Economy, Erdogan reinforce AK Party’s success

AK Party’s victory in local elections Sunday was buttressed by economic stability and the party’s leader, Recep Tayyip Erdogan, experts say.

AK Party’s victory in local elections Sunday was buttressed by economic stability and the party’s leader, Recep Tayyip Erdogan, experts say.

WASHINGTON D.C. – The Justice and Development (AK) Party’s victory in local elections Sunday was buttressed by economic stability and the party’s leader, Recep Tayyip Erdogan, experts said Monday.

“Growth will continue to attract investment, investment will continue to attract growth,” said Soner Cagaptay, the director of the Washington Institute for Near East Policy’s (WINEP) Turkish Research Program at a WINEP-sponsored discussion on Turkey’s elections Monday. “That in return means that Erdogan will continue to be rewarded at the ballot box with more votes.”

The AK Party is bolstered by the Turkish Premier himself who fashions himself as an underdog vying against opponents that seek to undermine his policies, according to Cagaptay. 

Sunday’s victory is likely to further increase the likelihood that Erdogan will run for the country’s presidency. That bid is likely to be upheld at the ballot box, remarked James Jeffrey, a visiting fellow at WINEP. “The most likely course of action is Erdogan moving to the presidency in elections this summer.”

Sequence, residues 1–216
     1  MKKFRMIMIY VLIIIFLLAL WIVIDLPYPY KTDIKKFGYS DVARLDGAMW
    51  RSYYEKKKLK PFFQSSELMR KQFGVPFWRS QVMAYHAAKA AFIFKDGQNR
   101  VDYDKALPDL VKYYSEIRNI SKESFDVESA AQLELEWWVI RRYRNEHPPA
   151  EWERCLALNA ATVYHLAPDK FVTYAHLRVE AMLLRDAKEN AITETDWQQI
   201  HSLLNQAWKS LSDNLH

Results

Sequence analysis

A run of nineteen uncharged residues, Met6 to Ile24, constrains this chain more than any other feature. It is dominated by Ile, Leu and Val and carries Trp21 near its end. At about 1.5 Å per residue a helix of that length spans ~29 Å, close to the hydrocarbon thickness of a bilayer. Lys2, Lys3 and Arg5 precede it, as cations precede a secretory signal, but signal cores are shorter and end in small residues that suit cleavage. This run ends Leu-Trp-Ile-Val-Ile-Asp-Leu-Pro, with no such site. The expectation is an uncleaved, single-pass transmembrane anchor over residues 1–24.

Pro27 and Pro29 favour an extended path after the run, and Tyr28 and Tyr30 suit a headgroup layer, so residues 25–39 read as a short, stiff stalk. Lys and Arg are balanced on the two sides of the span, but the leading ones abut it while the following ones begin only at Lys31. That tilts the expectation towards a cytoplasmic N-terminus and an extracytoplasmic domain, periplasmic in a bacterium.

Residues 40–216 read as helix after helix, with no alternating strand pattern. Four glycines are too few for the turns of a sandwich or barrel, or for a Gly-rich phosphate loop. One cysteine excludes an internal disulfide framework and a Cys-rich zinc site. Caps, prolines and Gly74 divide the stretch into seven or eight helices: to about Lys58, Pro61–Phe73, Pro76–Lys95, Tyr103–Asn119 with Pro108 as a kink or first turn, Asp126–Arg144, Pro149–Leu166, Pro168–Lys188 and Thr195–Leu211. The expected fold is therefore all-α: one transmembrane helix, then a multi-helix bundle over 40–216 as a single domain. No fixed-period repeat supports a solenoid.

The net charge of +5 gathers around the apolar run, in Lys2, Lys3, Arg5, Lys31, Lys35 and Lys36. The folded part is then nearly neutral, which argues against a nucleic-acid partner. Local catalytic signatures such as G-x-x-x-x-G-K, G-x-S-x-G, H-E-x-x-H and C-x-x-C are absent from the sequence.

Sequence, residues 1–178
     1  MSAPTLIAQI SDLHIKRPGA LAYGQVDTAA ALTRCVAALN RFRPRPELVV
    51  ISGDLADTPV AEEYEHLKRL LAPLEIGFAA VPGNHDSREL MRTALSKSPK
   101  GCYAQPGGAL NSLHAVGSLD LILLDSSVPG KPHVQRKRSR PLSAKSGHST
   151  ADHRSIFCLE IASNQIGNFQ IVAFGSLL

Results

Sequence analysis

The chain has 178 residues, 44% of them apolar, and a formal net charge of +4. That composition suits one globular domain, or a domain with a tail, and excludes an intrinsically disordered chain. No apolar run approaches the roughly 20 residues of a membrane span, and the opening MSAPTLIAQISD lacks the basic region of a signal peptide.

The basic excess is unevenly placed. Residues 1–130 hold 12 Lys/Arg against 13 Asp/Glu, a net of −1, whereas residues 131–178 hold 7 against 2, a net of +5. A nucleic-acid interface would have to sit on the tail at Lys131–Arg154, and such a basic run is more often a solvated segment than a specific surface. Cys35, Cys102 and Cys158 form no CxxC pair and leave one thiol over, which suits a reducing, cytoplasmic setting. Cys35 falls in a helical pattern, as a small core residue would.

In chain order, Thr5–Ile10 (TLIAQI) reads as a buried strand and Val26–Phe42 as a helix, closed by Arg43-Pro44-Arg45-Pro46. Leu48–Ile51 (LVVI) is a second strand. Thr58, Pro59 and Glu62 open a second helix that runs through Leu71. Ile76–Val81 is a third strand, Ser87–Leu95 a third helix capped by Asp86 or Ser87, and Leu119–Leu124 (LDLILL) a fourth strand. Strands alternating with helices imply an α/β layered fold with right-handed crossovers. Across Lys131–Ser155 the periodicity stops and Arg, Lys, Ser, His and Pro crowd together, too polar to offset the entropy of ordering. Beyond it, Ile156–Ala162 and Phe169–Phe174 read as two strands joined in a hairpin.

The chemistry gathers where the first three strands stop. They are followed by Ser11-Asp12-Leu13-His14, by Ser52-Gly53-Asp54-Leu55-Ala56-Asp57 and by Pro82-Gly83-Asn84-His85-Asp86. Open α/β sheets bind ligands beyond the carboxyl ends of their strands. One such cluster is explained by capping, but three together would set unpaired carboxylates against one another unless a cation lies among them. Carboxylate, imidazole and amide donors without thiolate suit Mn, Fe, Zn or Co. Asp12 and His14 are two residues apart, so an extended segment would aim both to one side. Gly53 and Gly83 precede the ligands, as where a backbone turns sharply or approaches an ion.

Social tensions that were exacerbated by fiery rhetoric during local elections must be addressed, argued Michael Werz, a senior fellow at the Center for American Progress in a seperate statement.

“The best-case scenario would be a softening of rhetoric from the Prime Minister and the AKP, which could contribute to a process to heal the divisions in Turkish society,” said Werz.

Moreover, the country’s continued economic success may be jeopardized by recent restrictions on freedom of expression.

“Turkey is seen as a country that is open for business,” remarked Cagaptay.  “I think the idea that social media bans have become common place and are probably likely to happen again, people are suggesting curbs on press freedoms, freedom of assembly and media, all will make Turkey a place that is not open for business at one point in the future.”

If Turkey wishes to develop its economy further it must work to ensure fundamental freedoms, Cagaptay argued. “Turkey is now building cars. It is a middle-income economy. It is doing really well, but it cannot make the jump to become an advanced economy if it does not remain an open society.”

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